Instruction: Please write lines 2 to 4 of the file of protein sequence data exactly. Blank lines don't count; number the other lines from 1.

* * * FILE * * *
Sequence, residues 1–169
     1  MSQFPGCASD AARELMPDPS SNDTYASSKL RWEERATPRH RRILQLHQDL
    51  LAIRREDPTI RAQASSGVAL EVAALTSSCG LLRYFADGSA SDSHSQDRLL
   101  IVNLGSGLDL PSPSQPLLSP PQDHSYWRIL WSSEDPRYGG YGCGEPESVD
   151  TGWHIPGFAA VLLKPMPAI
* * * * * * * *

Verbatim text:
     1  MSQFPGCASD AARELMPDPS SNDTYASSKL RWEERATPRH RRILQLHQDL
    51  LAIRREDPTI RAQASSGVAL EVAALTSSCG LLRYFADGSA SDSHSQDRLL
   101  IVNLGSGLDL PSPSQPLLSP PQDHSYWRIL WSSEDPRYGG YGCGEPESVD